Riley County commissioners are preparing to fight a measure likely to resurface in the 2014 Kansas Legislature that would reshape operations of the Court of Tax Appeals, jeopardizing county tax receipts in the process.
County counselor Clancy Holeman told commissioners that the bill, which was introduced toward the end of the 2013 session, is being heavily backed by the Kansas Chamber of Commerce. Holeman said its primary effect would be to change the court back into a Board of Tax Appeals, and concurrently to make it easier for businesses to win appeals. That is due to the bill’s stipulation that cases not settled within 120 days would automatically be judged in favor of the taxpayer unless both the governing body and taxpayer waived the 120-day requirement. There was no immediate indication how many cases from Riley County have exceeded the 120-day limitation in recent years, nor was the dollar value of those cases known.
“The county is the one who really loses with this,” Holeman said about the bill. He and commissioners are concerned that if businesses get behind the bill, passage will become more likely.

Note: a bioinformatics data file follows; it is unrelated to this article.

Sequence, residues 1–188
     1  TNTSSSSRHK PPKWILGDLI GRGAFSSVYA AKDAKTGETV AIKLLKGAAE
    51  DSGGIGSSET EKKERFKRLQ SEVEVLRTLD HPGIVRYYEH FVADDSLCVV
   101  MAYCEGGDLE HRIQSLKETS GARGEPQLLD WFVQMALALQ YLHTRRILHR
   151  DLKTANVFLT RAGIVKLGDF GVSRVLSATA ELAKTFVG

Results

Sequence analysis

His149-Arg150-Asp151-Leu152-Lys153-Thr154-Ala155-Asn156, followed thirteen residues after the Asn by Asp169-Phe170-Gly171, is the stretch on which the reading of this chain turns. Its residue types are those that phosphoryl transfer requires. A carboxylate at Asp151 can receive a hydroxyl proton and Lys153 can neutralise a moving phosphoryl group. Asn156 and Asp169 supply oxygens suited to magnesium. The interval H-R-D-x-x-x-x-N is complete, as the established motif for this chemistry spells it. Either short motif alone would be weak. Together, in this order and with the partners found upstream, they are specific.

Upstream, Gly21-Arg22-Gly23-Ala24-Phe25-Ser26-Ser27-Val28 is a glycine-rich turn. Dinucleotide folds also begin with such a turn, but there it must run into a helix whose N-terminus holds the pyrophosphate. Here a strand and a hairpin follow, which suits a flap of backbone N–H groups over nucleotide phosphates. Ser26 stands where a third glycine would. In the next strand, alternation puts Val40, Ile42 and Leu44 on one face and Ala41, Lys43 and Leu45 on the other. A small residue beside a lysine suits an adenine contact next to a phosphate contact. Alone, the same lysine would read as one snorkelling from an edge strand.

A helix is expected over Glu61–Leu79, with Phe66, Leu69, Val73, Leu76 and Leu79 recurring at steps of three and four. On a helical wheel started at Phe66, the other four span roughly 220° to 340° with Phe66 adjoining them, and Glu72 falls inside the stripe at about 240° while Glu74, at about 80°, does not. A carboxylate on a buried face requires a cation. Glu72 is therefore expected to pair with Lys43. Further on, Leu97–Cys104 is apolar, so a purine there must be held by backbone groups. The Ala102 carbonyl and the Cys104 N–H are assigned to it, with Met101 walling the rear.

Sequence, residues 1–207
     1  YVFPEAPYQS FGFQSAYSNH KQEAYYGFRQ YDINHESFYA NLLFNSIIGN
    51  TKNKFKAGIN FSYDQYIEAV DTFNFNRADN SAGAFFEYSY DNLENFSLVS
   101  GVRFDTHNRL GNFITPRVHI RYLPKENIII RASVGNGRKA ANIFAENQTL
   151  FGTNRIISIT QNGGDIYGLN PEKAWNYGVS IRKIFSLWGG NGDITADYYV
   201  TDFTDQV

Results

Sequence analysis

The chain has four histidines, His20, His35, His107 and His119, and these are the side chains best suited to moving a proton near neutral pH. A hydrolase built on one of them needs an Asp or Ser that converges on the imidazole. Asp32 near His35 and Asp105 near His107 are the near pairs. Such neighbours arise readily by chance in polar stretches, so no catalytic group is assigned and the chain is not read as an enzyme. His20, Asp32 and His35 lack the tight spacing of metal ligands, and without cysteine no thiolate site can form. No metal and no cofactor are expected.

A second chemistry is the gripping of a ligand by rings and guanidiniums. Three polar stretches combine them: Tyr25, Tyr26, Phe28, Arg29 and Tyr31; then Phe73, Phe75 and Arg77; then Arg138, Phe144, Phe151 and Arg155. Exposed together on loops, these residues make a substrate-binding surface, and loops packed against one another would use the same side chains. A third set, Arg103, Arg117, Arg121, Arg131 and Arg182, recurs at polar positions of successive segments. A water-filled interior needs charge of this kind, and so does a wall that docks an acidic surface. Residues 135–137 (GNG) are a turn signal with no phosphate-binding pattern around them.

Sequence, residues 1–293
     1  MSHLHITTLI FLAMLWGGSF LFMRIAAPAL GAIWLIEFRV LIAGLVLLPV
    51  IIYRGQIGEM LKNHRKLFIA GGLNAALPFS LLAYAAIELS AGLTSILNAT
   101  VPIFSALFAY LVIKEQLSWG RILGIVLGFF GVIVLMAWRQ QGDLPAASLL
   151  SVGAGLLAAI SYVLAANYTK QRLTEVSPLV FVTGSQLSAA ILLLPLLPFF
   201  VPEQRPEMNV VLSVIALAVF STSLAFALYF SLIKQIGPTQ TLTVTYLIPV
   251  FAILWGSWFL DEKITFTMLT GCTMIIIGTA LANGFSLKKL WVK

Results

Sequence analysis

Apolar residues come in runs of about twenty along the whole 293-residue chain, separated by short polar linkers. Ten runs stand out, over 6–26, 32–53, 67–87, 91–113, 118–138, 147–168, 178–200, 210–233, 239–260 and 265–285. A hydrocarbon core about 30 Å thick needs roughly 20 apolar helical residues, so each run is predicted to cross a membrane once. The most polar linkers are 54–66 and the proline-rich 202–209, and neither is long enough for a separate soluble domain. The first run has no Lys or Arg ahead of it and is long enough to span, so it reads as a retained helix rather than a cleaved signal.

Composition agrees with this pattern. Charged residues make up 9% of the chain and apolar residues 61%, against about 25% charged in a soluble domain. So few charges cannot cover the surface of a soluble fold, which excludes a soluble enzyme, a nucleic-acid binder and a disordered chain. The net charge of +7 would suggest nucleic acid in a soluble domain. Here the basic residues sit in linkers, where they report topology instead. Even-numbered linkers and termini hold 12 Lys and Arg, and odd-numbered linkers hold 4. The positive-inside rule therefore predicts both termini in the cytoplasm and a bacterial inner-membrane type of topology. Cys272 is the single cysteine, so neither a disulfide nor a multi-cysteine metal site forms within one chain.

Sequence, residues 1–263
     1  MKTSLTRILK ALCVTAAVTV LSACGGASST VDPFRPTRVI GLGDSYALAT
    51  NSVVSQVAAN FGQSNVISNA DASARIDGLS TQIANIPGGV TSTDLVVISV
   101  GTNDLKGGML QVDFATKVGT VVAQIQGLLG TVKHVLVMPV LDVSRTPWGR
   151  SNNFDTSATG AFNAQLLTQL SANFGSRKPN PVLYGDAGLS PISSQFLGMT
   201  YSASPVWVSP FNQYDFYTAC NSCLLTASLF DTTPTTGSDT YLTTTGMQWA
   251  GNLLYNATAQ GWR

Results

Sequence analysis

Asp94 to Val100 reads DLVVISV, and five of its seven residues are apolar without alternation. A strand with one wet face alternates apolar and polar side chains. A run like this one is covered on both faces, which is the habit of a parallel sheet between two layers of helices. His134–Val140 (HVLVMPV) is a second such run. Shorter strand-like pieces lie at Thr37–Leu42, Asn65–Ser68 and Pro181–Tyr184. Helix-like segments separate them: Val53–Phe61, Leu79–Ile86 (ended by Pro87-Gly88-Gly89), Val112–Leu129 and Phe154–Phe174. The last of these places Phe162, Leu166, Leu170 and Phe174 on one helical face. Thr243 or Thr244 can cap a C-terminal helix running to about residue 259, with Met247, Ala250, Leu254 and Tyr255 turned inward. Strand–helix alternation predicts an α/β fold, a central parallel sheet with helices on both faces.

“It could be an uphill battle with business support,” added county clerk Rich Vargo.
Commissioners instructed Holeman and county appraiser Greg McHenry to attend an upcoming Judiciary Committee discussion of the pros and cons of the bill. Holeman also asked commissioners to address their concerns with lawmakers at the county’s legislative luncheon in October.
Manhattan City Manager Ron Fehr updated commissioners on current construction projects going around Manhattan. Fehr said the downtown beautification project on Poyntz Avenue is on schedule for completion in October. He said the project is currently in the 300 block of Poyntz and will be moving to the southeast side later this week. Workers will start brick repair on the sidewalk on that side, as well.
“It’s going to have a lot of eye appeal,” Commissioner Bob Boyd said.
Fehr said another construction project, Bluemont Avenue, isn’t going along quite as planned. The project is slated to be finished in November but has hit several road bumps with rain in the beginning of August. Fehr said it took several weeks for the clay and dirt to dry out before the concrete could be poured in the area. He said around Sept. 23 the traffic will be switched back to two lanes and work on the median will start. New traffic signals and a bike lane will also be added to the area toward the end of the project.
Another major project, the Manhattan Airport terminal expansion, went out to bid and Fehr said those bids were higher than expected. He said the entire project will cost around $15.8 million to complete.